[EM] My Matrix for Kemeny's Rule, n=3
Forest Simmons
fsimmons at pcc.edu
Thu Jan 2 17:31:24 PST 2003
The matrix in your method is not the pairwise matrix that is used in most
Condorcet methods.
Your matrix shows the distance between pairs of preference orders.
So the rows and columns are both indexed by preference orders. The
complete Kemeny matrix has (N!)*(N!) entries.
The usual pairwise matrix is merely an N*N matrix which has one row and
one column for each candidate, and the entry in the (i,j) position is the
number of ballots that show a preference for candidate i above candidate
j.
You can see that (N!)*(N!) grows much faster than N*N as the number of
candidates N increases.
Also, since Kemeny satisfies the Reinforcement Criterion, while Ranked
Pairs does not, we can be sure that the Kemeny order is not the same as
the Ranked Pairs order. [Apply both methods to Blake's example of Ranked
Pairs failure of Reinforcement to see the difference.]
Forest
On Thu, 2 Jan 2003, barnes99 wrote:
> Forest:
>
> Thanks for confirming that my matrix for determining the Kemeny outcome for 3
> candidates is correct. Now, is Kemeny's Rule, as defined by my matrix for 3
> candidate tallies, the same as the Condorcet method which is described on the
> EM website <http://electionmethods.org/>?
>
> SB
>
> --- In election-methods-list at yahoogroups.com, Forest Simmons <fsimmons at p...>
> wrote:
> > Your example is correctly done.
> >
> > Despite the intractability of the method for large numbers of candidates,
> > it seems like an ideal method for some situations.
> >
> > One application could be in choosing between several orders that have been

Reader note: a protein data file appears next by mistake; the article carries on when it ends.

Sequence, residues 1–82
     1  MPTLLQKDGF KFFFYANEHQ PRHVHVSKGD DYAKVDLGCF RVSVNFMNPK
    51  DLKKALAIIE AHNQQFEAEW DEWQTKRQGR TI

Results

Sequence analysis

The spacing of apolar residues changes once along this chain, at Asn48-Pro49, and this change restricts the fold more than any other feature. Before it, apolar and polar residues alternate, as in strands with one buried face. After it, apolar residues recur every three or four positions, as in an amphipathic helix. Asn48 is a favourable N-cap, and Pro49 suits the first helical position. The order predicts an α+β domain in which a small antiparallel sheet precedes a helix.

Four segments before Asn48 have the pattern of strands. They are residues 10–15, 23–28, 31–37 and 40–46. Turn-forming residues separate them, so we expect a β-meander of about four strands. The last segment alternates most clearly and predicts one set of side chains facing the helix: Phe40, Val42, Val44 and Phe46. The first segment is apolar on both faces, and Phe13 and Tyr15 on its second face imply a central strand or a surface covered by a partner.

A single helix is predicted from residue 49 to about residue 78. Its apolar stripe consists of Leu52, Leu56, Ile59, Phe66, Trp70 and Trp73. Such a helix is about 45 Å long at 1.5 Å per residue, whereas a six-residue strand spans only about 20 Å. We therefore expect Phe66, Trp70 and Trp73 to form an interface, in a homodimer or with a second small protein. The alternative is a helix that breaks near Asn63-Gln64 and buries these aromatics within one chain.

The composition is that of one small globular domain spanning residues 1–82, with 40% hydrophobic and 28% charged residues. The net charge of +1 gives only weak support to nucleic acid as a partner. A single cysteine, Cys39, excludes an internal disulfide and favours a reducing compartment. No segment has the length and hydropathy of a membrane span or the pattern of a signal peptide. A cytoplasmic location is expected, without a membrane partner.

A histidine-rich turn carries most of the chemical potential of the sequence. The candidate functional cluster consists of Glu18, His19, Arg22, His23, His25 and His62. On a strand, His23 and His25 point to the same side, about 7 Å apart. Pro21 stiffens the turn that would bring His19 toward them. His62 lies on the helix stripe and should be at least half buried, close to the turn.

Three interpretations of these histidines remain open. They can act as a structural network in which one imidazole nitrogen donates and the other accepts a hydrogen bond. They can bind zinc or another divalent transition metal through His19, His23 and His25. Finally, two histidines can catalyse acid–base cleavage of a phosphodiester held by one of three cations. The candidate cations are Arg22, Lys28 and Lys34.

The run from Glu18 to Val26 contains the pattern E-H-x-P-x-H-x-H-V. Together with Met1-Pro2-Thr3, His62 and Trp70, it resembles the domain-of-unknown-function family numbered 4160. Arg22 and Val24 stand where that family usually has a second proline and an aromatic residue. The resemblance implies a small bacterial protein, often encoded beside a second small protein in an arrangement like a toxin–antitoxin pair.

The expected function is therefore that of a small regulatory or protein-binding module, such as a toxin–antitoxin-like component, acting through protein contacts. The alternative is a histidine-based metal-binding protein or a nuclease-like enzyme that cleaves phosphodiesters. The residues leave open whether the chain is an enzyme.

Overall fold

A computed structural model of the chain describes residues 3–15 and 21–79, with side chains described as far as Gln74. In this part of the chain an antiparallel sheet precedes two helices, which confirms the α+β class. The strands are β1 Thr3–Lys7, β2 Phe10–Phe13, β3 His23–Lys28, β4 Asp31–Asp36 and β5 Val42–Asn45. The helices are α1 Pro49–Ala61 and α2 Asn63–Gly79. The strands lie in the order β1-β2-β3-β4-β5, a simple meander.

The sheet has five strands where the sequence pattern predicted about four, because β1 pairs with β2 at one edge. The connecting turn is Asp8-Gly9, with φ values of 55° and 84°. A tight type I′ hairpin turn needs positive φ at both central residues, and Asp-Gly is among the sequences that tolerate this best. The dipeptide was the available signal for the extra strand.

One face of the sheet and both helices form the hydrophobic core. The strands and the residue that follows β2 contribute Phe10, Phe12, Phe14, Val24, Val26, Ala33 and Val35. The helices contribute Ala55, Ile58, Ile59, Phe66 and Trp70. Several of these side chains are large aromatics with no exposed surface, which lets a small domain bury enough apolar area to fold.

> > found by other means.
> >
> > [The main computational difficulty of finding the Kemeny order is not in
> > calculating the mean Kemeny distance to any particular order, but in the
> > sheer magnitude of the number of possible orders.]
> >
> > Here's a homely example:
> >
> > Start with the candidates ranked by Approval, Borda, Ranked Pairs, etc.
> >
> > Do both a sink sort and a bubble sort to each of these preliminary orders.
> >
> > [These sortings are ways of achieving "local Keminization." Ranked Pairs
> > is already locally Kemeny optimal.]
> >
> > See which of the resulting locally optimum orders is best (among those
> > considered) globally by calculating the mean distance of each to the
> > preference orders on the ballots.
> >
> > Forest
> >
> > On Fri, 20 Dec 2002, barnes99 wrote:
> >
> > > Here is my matrix for Kemeny's Rule with 3 candidates. Please let me know
> if I
> > > got it right or wrong.
> > >
> > > Here is an example of a Kemeny Rule tally for profile p, p=(1,1,0,0,0,0),
> > > where the first thru sixth columns represent, respectively, the number of
> ABC,
> > > ACB, CAB, CBA, BCA, and BAC voters.
> > >
> > > Voting Vector:
> > >
> > > p=[ 1 1 0 0 0 0 ]
> > >
> > > Matrix (M) for Kemeny's Rule:
> > >
> > > [[ 0 1 2 3 2 1 ]
> > > [ 1 0 1 2 3 2 ]
> > > [ 2 1 0 1 2 3 ]
> > > [ 3 2 1 0 1 2 ]
> > > [ 2 3 2 1 0 1 ]
> > > [ 1 2 3 2 1 0 ]]
> > >
> > >
> > > The KR tally is:
> > >
> > > p(M)=[ 1 1 3 5 5 3 ], where
> > >
> > > ABC=[0+1+0+0+0+0]=1
> > > ACB=[1+0+0+0+0+0]=1
> > > CAB=[2+1+0+0+0+0]=3
> > > CBA=[3+2+0+0+0+0]=5
> > > BCA=[2+3+0+0+0+0]=5
> > > BAC=[1+2+0+0+0+0]=3
> > >
> > >
> > > This is the measure of the "distance" from unanimity, so the lower the
> score
> > > the better. In this example, we have a tie between the ABC and ACB
> outcomes,
> > > in which case I guess the final outcome must be A>B~C. This may not be a
> very
> > > interesting example, but the point is that I believe this is how to do a
> KR
> > > tally with 3 candidates. Please correct me, if I'm wrong.
> > >
> > >
> > >
> > > Thank you,
> > > SB
>
> Steve Barney
>
> Richard M. Hare, 1919 - 2002, In Memoriam: <http://www.petersingerlinks.com/hare.htm>.
>
> Did you know there is an web site where, if you click on a button, the advertisers there will donate 2 1/2 cups of food to feed hungry people in places where there is a lot of starvation? See:
> <http://www.thehungersite.com>.
>
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